Buying the proper grade of chlorine is not the only way to stretch your chlorine dollar. Help out your chlorine by adding a mineral purification system. These are not filters but purifiers, made by Nature2 or Frog that allow you to reduce your chlorine range down to 0.5-1ppm, which makes it hardly noticeable. Your chlorine is supplemented by copper and/or silver purification. These minerals are unnoticeable to you but deadly to bacteria and microorganisms. Many pool owners even note that their pool water feels softer and looks more sparkly. Adding a Nature2 Express unit (pools up to 25000 gals), will take over more than half of the sanitizing responsibilities, reducing chlorine demand.
Another method of alternate pool or spa purification is using Ozone to remove many of the contaminants and microscopic “junk” in your water, which reduces the amount of chlorine needed to do the job.
4. Eliminate Organics in the Pool
The final way to save your chlorine dollars is by eliminating organics. Organics are products such as sunscreen, body oils, cosmetics, hair products, sweat, urine (yes people pee in pools), and pollen. Chlorine is not effective at breaking up organics; they take a long time and are inefficient and expensive.
Natural Chemistry has been making enzyme based products since the late 1980’s. Enzymes are formulated to attach to an organic and break it down to carbon dioxide and water. In each bottle of Natural Chemistry there are thousands of different enzymes, are all specially formulated to pair up with, and destroy, a specific type of organic compound.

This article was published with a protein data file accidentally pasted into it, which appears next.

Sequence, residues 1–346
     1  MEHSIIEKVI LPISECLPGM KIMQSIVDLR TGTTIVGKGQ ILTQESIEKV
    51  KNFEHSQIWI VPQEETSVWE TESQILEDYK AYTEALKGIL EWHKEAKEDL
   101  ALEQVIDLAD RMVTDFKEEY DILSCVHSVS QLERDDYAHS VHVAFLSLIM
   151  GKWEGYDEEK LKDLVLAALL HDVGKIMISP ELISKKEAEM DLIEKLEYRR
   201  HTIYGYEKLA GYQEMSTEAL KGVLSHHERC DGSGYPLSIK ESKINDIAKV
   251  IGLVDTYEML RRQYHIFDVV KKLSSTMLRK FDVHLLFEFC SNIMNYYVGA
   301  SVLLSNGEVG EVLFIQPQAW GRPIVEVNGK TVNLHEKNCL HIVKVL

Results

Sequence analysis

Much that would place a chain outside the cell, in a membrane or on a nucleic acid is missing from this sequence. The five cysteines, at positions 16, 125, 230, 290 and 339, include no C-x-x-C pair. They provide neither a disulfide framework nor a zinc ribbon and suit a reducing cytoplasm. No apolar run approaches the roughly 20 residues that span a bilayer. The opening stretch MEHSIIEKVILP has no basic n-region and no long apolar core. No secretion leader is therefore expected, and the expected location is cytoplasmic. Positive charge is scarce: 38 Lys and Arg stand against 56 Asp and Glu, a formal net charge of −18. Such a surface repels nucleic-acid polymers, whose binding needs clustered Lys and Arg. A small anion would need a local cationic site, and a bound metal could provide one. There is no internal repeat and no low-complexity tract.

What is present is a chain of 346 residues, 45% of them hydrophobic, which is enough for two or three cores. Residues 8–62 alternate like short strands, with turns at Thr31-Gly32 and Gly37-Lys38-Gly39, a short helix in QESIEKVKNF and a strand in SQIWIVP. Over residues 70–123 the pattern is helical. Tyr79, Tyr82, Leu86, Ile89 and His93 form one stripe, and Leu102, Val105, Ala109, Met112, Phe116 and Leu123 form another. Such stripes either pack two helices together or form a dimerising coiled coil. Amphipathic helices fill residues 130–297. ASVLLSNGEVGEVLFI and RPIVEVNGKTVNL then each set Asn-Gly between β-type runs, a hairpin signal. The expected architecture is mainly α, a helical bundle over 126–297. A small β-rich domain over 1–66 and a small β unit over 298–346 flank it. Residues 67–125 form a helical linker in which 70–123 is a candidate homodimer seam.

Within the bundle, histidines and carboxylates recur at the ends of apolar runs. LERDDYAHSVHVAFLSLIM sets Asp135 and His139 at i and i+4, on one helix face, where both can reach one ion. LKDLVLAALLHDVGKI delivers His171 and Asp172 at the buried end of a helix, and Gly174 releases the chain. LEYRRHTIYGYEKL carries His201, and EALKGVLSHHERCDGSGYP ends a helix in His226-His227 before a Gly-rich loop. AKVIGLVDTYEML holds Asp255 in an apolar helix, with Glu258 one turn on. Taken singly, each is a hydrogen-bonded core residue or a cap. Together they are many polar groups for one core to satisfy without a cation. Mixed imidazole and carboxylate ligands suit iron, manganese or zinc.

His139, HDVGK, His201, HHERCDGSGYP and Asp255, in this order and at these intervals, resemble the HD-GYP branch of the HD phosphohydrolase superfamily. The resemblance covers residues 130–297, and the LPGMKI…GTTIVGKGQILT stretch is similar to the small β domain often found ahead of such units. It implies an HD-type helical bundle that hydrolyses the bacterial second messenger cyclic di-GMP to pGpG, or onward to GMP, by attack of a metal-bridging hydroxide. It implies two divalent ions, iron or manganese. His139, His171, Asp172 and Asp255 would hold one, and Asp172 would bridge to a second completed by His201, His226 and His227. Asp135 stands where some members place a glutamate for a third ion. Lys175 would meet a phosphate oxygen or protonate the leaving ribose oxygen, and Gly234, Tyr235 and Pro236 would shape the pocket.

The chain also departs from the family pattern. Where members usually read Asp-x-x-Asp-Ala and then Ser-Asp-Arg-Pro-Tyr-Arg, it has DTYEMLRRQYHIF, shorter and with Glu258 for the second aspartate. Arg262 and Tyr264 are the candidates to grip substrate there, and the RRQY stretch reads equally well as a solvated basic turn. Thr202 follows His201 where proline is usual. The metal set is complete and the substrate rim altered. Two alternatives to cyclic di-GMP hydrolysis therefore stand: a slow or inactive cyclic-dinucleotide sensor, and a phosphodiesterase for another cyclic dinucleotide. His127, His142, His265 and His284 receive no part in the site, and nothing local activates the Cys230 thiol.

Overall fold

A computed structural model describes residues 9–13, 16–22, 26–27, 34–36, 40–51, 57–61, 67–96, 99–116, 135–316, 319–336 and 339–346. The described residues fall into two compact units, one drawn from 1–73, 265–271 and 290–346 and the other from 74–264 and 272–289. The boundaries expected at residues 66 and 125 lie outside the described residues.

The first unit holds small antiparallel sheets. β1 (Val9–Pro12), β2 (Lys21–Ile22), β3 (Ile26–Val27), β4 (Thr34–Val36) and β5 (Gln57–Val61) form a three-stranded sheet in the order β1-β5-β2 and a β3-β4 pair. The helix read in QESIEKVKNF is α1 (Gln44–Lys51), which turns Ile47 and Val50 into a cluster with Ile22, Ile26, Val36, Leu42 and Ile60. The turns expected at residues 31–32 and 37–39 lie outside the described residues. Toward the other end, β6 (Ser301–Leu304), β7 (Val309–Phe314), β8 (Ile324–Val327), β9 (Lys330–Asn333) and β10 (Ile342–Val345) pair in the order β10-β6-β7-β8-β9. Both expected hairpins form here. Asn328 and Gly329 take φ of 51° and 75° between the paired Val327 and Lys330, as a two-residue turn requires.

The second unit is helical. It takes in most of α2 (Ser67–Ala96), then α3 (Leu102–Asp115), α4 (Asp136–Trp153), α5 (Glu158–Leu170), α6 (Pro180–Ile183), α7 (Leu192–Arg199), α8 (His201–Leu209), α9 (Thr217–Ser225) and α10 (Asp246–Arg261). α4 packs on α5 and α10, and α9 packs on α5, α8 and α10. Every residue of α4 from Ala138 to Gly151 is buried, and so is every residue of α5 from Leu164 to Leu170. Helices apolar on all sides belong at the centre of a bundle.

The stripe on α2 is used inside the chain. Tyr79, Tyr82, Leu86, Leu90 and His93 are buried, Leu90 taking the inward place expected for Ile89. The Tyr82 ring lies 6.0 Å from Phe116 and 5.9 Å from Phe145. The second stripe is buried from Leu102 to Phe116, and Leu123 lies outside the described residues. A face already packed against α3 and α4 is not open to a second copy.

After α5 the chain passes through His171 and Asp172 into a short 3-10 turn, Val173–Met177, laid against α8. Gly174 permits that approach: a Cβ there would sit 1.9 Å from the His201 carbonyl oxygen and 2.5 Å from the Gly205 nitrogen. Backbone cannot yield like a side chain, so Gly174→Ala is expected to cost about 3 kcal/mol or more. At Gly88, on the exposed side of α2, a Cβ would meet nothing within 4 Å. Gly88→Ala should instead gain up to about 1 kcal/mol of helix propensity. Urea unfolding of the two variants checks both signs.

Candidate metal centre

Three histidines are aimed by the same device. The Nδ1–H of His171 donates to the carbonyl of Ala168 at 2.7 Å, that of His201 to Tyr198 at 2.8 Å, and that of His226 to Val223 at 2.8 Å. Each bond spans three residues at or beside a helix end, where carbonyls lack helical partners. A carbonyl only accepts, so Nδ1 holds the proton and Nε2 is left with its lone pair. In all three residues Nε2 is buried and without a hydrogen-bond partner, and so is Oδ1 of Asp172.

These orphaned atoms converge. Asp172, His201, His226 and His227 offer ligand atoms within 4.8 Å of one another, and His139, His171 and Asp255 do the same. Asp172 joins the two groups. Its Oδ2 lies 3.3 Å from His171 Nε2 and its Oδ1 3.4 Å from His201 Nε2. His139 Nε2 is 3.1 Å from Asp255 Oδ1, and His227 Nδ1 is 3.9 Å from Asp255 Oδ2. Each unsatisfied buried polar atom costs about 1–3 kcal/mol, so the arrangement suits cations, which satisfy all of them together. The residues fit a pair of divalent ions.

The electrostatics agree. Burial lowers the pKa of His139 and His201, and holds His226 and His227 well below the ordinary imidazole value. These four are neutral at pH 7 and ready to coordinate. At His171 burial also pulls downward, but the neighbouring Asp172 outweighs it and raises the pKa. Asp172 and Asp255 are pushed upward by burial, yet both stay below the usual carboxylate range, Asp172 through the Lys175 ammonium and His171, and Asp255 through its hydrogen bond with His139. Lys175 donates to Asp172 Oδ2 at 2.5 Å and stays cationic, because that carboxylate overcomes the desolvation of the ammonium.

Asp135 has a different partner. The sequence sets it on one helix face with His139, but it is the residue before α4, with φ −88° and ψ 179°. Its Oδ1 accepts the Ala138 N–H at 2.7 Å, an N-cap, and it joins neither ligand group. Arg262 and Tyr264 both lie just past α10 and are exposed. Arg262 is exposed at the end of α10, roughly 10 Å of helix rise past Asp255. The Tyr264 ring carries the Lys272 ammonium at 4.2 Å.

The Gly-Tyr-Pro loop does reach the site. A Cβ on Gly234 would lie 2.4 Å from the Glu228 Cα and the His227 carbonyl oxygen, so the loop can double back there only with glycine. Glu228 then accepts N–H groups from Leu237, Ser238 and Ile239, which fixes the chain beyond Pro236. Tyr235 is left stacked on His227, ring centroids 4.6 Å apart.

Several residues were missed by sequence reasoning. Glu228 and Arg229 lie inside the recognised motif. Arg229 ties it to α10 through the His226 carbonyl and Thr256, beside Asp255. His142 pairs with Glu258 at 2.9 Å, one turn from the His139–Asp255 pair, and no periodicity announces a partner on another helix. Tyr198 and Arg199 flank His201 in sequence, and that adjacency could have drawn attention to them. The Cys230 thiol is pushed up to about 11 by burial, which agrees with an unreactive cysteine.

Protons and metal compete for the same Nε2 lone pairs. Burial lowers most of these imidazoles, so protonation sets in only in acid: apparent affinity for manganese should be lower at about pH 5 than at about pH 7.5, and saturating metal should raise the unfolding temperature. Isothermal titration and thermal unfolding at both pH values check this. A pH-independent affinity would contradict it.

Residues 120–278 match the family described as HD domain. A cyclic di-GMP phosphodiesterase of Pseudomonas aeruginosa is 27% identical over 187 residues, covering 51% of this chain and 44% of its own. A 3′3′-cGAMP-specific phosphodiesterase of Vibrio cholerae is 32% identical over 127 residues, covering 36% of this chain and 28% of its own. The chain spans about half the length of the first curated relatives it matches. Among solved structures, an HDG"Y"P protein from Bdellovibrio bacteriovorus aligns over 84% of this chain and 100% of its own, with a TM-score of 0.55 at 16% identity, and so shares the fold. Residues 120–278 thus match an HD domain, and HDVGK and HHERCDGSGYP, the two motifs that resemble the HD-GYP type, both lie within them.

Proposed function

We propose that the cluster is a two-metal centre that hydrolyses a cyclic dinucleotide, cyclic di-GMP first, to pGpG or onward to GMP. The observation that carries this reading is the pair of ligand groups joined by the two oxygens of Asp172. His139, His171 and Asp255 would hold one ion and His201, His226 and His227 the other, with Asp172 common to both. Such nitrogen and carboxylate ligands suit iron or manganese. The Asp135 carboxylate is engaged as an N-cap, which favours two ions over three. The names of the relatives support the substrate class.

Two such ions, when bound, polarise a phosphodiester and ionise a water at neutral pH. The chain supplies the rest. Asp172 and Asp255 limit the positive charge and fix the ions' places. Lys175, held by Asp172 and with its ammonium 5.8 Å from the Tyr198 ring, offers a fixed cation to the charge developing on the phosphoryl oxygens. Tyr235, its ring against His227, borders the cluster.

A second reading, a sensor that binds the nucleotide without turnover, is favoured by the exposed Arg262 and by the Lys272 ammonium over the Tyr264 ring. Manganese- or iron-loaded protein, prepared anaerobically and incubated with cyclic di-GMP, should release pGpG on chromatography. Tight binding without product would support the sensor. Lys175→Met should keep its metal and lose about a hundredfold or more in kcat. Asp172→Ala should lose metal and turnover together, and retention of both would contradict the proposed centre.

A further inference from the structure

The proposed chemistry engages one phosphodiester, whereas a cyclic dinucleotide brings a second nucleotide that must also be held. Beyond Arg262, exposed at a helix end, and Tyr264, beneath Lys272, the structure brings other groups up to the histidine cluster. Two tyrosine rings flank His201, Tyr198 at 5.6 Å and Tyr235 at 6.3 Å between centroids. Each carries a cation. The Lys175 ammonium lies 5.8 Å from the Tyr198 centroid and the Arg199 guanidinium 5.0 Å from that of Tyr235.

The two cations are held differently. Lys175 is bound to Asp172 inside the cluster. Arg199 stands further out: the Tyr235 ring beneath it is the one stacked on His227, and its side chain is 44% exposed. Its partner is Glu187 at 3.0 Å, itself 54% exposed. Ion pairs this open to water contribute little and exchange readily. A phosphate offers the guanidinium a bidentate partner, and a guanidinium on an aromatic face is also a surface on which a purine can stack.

Now for the even more unbelievable part, these products are all natural and some of the safest chemicals anywhere. Their first product is still their number one seller Pool Perfect, and it really does make your pool perfect. Natural Chemistry supports environmental responsibility with pool chemicals.Try it for yourself and I guarantee you will be coming back for more.
5. Filter your pool efficiently
For clean and clear pool water, we need a combination of Sanitation, Circulation and Filtration. Maximizing filtration and circulation will improve the water quality, and require less sanitation.
Tips to improve circulation
- Create a circular flow pattern around the pool
- Adjust suction valves to pull water from all areas
- Brush and Vacuum the pool regularly
- Operate an automatic pool cleaner
- Keep skimmer baskets and pump basket clean
- Backwash the filter when the pressure gauge tells you to
Tips to improve filtration
- DE filters are best, removing the smallest particle size
- Use Filter Clean on sand and cartridge filters
- Run the filter long enough to filter all water in the pool daily
- Run the filter during the day, when the sun helps things grow
- Don’t backwash too much, only when the gauge tells you to
- Use a Clarifier to help filter fine particles
There are always ways that you can save money so why not look at your pool as one of those as well. Sometimes the place that you would most like to relax can also be the place that you can have peace of mind that you are spending the least amount of money you need to and actually have a safer pool. Finally, be sure to remember that these tips can also work on your spa or hot tub as well! Until next time, safe and economical swimming.
InTheSwim Staff Blogger